Nottinghamshire Police have become the first force in the country to introduce a menopause policy, which will include lighter uniforms and flexible working hours.
Keeley Mansell, 42, a detective constable based at Oxclose Lane Police Station in Arnold, took a blood test four years ago, which revealed that she was going through menopause early and it soon started to affect her work.
Nottinghamshire Police adopted recommendations set out by Mrs Mansell last year as part of their guidance for managers.
They decided to implement the policy because so many women were leaving the Force early because of the severity of their symptoms.
She has now helped introduce more support for her female colleagues as a result of this.
The mum-of-two, of Carlton said: “I felt like I lost who I was. I was a very chatty person but I felt like I could not go out anywhere because I lost my confidence.
“I had problems finding the right words, fatigue and a lack of concentration. It can really impact on you, especially if you are in a stressful environment.
“It hit me like a ton of bricks.”
The policy was implemented earlier this month after a ‘Menopause Manager’s Guide’ was written by Detective Constable Mansell.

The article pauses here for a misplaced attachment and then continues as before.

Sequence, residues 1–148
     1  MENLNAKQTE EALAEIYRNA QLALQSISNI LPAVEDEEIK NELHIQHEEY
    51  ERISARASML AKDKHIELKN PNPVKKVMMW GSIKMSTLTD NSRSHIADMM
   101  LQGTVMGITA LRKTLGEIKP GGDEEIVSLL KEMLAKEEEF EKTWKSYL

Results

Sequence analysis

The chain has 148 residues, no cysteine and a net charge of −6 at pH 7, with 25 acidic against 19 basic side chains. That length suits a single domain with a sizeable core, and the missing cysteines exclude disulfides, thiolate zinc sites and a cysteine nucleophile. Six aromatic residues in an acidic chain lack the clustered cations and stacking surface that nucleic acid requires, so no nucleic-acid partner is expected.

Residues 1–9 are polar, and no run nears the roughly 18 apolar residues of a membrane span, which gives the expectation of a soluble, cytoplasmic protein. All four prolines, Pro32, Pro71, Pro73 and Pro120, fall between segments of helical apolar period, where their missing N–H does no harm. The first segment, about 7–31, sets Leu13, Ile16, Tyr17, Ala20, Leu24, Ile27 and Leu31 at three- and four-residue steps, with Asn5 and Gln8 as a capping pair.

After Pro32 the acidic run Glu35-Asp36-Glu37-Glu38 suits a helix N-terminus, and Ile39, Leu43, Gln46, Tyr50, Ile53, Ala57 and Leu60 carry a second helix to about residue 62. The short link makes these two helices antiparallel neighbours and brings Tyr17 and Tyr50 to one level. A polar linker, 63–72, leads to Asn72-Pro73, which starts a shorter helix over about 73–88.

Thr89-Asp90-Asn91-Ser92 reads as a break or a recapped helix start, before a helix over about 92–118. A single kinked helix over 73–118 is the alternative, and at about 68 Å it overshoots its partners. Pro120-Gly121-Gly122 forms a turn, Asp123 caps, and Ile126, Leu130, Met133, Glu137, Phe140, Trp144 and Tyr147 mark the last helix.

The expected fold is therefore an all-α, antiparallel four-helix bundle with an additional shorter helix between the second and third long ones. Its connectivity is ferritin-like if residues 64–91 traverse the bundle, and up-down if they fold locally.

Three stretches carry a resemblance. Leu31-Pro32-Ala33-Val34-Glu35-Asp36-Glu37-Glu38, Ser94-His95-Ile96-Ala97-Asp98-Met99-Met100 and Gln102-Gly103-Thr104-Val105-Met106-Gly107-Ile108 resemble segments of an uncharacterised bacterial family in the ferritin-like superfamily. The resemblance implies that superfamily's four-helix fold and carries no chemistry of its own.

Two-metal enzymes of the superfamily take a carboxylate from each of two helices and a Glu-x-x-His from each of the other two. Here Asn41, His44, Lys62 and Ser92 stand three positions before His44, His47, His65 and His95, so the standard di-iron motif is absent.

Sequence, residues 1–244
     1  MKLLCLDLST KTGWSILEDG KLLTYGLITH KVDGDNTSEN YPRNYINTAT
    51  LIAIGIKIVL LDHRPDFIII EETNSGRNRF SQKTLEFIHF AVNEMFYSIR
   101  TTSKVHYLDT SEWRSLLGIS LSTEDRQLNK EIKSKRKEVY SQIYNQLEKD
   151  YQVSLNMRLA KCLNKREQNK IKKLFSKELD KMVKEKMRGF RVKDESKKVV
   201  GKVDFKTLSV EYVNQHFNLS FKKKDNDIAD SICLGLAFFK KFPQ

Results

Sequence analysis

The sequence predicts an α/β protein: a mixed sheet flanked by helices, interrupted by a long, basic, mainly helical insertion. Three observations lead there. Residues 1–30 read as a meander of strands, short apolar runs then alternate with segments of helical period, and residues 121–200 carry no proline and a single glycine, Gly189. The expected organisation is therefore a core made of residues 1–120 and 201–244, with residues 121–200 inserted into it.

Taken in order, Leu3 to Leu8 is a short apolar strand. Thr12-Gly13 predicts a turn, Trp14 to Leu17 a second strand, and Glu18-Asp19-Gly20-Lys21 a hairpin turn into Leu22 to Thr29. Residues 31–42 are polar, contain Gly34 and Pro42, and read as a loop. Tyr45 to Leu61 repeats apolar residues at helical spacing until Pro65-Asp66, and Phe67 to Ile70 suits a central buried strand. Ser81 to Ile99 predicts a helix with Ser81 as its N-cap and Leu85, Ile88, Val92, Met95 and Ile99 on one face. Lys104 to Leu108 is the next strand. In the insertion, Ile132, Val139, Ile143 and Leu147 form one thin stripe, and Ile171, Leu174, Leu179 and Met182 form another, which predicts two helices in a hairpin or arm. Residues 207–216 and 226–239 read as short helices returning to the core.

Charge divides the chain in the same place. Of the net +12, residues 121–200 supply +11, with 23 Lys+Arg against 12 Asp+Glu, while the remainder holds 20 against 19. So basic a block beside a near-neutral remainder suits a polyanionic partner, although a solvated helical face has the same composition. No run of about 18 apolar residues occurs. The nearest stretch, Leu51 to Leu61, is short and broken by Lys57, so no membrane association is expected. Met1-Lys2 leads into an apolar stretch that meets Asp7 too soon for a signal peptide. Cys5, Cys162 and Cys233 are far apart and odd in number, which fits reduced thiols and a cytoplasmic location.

The news comes after the menopause policy was first introduced in January 2017.
Now, a year on, the guidance is set to be reviewed but she is proud of what has been accomplished and believes that it has been a success.
She added: “Four years ago I had nobody to talk to and renowned female supporting companies like Boots and Virgin Media didn’t help.
“I’m so happy it’s finally implemented, and the aim is to educate more people about the effects of menopause because it can take years to recover from.”
The measures also include easier access to showers for women who are having hot flushes and a breakout room where officers can take five or ten minutes out to relax.
Menopause has been described by those who go through it as puberty in reverse and “like going through dementia”.
The policy had been introduced after former Chief Constable Sue Fish, who retired last year, discovered women were leaving the force after suffering menopausal symptoms.
She said: “It was just a waste of talent. Bringing in a policy was absolutely the right thing to do.”